The 3-6-9-12 Diet is a candid dieting book whose shared calorie-counting method led one woman to weight loss success.
Pamela DeSimone’s snappy diet guide The 3-6-9-12 Diet reintroduces general dieting principles to those who are struggling to lose weight.
Its tone charismatic and conversational, this text suggests only eating as many calories as can be burned; only eating foods with calories that can be counted; and limiting empty calories, like alcohol and carbohydrates. It suggests that, for the the average woman, the magic number is 300 calories per meal, spread across five meals per day. Set within this framework, the book functions like a personal food journal and an example to eat by.
DeSimone emphasizes finding easy, healthy alternatives to high calorie foods that actually taste good. To help, she records the calories which she ate per day at the beginning of her own 3-6-9-12 dieting, and shares realizations such as that her daily chef’s salad was, despite appearing to be a healthy choice, well over her per-meal calorie allotment because of its Thousand Island dressing, bacon bits, and swiss cheese. To adjust, she worked on replacing such ingredients with low calorie alternatives, like red wine vinaigrette. Such anecdotes, covering small, mindful switches and critical thinking about food choices, are straightforward about setting applicable examples.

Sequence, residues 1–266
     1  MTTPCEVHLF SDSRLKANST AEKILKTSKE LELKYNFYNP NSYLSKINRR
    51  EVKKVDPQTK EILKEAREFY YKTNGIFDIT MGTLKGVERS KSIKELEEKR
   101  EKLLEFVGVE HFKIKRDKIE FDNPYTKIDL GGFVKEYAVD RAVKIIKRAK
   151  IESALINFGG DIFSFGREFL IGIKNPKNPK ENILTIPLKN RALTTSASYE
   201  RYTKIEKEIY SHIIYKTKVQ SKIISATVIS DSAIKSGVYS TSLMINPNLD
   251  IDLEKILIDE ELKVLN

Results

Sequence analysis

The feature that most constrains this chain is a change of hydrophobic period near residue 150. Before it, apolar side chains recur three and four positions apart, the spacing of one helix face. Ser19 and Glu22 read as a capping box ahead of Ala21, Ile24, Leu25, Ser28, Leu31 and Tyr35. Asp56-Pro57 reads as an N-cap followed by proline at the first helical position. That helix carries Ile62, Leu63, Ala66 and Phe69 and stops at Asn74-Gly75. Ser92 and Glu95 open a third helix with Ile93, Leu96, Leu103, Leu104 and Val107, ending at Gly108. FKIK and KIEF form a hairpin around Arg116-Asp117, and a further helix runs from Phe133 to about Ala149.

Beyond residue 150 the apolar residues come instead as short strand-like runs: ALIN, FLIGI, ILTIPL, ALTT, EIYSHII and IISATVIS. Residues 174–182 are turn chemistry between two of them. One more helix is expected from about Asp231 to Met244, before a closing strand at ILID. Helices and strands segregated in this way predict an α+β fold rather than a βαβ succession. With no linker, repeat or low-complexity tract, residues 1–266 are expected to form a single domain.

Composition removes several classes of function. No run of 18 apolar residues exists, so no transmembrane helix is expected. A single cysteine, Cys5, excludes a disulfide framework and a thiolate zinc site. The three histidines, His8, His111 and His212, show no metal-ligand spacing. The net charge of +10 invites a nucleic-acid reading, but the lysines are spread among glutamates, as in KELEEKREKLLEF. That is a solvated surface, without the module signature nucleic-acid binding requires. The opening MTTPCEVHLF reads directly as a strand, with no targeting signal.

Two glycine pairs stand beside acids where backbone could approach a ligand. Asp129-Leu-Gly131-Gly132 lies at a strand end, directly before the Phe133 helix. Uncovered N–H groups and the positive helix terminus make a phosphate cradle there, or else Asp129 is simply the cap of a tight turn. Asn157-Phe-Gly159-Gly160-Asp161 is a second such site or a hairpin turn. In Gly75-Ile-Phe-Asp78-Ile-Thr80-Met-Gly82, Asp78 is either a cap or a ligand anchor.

DeSimone also covers her cheat food cravings, like fast food burgers and shakes, helping to soften the rigidity of the book’s recommended calorie counting method. Warm digressions regarding her personal motivational methods are a lighthearted and encouraging addition to the book’s broad, customizable dieting principles and interest in more mindful eating.
The book’s advice emphasizes low calorie fruits and vegetables as snacks; limiting sugar intakes; allowing for a cheat day every so often; creating eating routines; and landing on go-to meals that are actually tasty. These notions are easy to tailor to individual tastes. However, they’re also not fresh: calorie counting is a popular pop-dieting method.
Further, the book’s recommendations are based upon personal dieting experiences, not in medical expertise; its sources are limited to calorie counts on food packages and internet searches to determine a woman’s average caloric intake. It evades analyzing the nutritional value of many of the daily meals it names, which include cheeseburgers, artificial sweeteners, and frozen meals. In the end, its narrow analysis and limited research undermine its credibility.
The 3-6-9-12 Diet is a candid, personalized diet book that shares a calorie-counting method which led one woman to weight loss success.
Paige Van De Winkle
Disclosure: This article is not an endorsement, but a review. The author of this book provided free copies of the book and paid a small fee to have their book reviewed by a professional reviewer. Foreword Reviews and Clarion Reviews make no guarantee that the author will receive a positive review. Foreword Magazine, Inc. is disclosing this in accordance with the Federal Trade Commission’s 16 CFR, Part 255.